|Two postcards featuring Charles Blondin:
"unused circa 1910 J Sage & sons card Buffalo Evans photo
J Sage card Buffalo Evans photo 1864
"It's hard to believe, but the guy lived past 70 and died in bed. This was after a lifetime of flabbergasting, nauseating feats including: * crossing Niagara Falls on a tightrope backward; * crossing Niagara Falls on a tightrope blindfolded; * crossing Niagara Falls on a tightrope at night; * crossing Niagara Falls on a tightrope on stilts; * crossing Niagara Falls on a tightrope with a passenger on his back; * dining at a table and chair balanced on a tightrope above Niagara Falls.
As a little boy, Jean Francois Gravelet ("Charles Blondin,"
in adulthood) was mesmerized by a circus tightrope walker in his
hometown of Omer, France. He rigged a rope in his yard and began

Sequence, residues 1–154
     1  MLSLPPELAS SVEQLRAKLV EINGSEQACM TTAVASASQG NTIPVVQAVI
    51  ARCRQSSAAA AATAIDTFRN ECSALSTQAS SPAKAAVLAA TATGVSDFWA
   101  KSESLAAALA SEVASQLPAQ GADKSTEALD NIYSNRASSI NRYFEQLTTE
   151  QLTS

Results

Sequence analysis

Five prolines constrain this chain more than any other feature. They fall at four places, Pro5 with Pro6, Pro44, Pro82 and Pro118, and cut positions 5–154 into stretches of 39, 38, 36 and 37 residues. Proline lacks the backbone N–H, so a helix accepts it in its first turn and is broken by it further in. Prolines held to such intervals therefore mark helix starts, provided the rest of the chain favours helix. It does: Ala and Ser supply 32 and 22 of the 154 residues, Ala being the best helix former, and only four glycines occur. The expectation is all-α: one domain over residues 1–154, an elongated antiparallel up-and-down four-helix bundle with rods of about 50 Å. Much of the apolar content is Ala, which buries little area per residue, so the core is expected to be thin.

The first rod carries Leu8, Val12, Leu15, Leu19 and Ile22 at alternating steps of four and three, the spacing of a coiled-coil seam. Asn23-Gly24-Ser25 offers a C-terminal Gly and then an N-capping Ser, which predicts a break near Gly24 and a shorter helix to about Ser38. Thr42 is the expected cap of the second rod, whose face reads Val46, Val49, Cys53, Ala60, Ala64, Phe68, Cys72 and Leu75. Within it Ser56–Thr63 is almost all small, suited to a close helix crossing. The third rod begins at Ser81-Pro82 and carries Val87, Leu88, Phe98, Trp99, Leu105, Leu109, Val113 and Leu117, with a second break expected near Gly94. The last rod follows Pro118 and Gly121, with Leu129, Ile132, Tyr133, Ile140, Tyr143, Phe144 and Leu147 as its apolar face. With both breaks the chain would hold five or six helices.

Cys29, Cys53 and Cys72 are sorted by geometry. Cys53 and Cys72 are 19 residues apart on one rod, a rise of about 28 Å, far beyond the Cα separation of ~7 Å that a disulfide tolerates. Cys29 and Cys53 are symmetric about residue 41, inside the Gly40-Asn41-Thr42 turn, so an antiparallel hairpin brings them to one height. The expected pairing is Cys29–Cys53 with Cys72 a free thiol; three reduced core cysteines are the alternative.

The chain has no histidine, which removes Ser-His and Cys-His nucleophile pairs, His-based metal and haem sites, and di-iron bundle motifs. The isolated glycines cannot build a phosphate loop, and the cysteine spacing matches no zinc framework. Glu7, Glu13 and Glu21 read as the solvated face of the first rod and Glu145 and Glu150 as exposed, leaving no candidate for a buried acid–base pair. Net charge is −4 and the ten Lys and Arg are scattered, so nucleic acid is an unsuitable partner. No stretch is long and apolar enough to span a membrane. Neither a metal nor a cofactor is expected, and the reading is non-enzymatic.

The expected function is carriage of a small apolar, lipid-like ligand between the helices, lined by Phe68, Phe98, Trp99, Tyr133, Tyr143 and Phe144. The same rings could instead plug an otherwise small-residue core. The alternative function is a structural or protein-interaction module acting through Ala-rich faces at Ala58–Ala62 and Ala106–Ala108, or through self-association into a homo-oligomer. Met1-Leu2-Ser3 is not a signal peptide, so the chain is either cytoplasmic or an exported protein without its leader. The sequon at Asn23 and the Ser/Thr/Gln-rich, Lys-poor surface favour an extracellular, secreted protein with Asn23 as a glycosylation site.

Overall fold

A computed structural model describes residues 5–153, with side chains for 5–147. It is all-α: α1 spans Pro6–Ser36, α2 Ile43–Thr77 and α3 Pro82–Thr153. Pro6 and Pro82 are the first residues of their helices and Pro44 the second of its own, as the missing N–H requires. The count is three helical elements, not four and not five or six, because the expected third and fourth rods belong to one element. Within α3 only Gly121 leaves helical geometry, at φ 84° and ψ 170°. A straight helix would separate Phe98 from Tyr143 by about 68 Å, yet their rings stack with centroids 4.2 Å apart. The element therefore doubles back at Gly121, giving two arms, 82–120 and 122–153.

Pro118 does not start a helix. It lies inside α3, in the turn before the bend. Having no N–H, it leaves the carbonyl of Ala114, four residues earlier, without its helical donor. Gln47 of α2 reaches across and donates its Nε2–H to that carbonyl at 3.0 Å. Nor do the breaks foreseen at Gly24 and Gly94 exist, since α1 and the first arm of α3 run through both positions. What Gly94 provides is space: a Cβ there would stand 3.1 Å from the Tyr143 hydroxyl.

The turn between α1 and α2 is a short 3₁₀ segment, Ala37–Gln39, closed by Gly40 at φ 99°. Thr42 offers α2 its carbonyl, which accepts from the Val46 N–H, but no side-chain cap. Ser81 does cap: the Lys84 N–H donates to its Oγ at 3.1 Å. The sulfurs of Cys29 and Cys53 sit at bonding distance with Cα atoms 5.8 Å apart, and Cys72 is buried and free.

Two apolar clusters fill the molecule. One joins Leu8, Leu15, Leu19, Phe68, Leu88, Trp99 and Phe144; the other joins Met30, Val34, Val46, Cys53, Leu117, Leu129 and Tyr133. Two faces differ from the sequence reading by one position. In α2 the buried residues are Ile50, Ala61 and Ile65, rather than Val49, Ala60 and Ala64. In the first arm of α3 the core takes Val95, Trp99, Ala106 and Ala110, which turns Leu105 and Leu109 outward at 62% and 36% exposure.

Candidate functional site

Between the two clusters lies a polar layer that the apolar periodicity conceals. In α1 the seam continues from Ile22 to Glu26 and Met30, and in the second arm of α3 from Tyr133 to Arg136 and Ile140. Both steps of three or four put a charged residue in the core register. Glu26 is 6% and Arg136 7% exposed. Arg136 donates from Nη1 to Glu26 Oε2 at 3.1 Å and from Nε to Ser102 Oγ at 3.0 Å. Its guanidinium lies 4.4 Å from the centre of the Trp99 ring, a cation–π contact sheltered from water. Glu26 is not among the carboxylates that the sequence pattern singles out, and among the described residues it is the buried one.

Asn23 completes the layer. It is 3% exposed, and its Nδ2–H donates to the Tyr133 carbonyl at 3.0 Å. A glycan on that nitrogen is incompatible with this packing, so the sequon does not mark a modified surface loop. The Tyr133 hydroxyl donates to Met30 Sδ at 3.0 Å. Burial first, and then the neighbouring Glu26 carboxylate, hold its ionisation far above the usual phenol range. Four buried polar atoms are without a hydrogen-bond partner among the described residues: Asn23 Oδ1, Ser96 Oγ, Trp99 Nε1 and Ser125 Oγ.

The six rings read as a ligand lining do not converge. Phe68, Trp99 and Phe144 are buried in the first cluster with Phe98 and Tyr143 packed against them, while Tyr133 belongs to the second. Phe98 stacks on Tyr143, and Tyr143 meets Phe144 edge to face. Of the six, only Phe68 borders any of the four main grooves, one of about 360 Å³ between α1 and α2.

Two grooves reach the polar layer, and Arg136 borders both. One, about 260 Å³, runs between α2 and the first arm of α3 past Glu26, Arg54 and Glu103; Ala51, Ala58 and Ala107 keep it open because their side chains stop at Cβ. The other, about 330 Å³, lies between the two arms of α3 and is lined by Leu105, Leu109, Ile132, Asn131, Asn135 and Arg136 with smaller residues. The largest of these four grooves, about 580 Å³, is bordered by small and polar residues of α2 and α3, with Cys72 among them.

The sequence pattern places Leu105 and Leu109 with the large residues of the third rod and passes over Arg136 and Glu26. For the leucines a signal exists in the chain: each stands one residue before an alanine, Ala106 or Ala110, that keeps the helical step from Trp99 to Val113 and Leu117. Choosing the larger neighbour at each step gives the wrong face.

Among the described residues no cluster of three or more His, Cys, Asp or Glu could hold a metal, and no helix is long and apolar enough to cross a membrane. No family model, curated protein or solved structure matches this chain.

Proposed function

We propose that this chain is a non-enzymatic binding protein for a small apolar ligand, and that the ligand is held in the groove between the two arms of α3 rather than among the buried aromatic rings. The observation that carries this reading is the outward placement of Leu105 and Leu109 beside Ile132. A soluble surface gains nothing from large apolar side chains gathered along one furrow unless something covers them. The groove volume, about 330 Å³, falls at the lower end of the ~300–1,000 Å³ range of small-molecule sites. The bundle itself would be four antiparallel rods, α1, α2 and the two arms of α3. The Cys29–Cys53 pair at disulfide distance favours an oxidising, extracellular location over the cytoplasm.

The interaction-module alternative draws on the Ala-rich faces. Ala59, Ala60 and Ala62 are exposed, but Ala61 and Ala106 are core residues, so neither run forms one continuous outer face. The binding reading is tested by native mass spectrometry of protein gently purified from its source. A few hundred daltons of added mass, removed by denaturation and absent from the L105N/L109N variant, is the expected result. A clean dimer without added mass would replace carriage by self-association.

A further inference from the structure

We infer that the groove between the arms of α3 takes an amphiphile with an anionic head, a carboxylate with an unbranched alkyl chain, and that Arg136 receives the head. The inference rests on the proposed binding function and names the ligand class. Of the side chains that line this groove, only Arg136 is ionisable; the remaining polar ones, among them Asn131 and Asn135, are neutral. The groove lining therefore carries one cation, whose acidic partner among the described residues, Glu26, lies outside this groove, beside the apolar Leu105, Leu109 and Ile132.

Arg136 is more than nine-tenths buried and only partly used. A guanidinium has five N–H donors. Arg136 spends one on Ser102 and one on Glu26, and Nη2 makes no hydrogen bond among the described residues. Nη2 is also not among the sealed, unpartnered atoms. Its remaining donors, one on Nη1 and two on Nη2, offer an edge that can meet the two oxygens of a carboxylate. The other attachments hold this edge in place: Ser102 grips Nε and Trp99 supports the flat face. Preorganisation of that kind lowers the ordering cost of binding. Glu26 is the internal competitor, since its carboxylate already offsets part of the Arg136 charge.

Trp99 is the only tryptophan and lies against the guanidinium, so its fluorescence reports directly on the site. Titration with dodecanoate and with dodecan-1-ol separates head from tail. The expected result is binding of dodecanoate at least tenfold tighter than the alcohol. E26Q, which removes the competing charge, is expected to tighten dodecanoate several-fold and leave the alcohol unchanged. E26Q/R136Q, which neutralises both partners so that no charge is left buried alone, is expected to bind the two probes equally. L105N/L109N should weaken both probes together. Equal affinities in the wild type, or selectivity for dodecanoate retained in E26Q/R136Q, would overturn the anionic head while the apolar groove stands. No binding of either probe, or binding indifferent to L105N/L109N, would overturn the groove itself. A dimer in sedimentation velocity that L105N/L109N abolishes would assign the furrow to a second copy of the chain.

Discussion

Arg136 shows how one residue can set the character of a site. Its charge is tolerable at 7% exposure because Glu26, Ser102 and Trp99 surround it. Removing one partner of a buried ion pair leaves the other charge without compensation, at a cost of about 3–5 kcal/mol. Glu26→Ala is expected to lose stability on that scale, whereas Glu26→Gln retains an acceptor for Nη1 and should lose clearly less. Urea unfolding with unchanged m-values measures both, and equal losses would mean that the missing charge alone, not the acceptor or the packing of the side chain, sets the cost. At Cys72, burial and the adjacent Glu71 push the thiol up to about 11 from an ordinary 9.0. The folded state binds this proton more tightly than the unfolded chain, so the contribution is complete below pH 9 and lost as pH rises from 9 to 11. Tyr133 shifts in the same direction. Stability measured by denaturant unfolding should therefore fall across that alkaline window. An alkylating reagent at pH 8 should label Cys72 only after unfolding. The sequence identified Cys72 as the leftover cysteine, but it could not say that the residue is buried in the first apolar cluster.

practicing, encouraged by his father. A gymnast, the elder Gravelet
immediately sent the child to a gymnastics school in Lyons. He soon
emerged as "The Little Wonder" and began his performing
career. The year was 1829. The budding "Blondin" was 5. If
there ever was a doubt showmanship would become his vocation, it was
dispelled tragically four years later with the death of his father. He
had to support himself. His gift of balance, combined with a flair for
successful sensationalism, in time made him a very wealthy man.
The Prince of Wales, unnerved by a Blondin crossing, instructed him
(futilely) to desist from such stunts forthwith. He had discovered his
means to lasting international fame. For a time he settled near the
falls with his wife and children. Even after he retired to England, he
couldn't refuse exhibition offers from both sides of the Atlantic. His
income during his heyday was almost half a million dollars annually.
Blondin died of diabetes at 73 in Ealing, near London."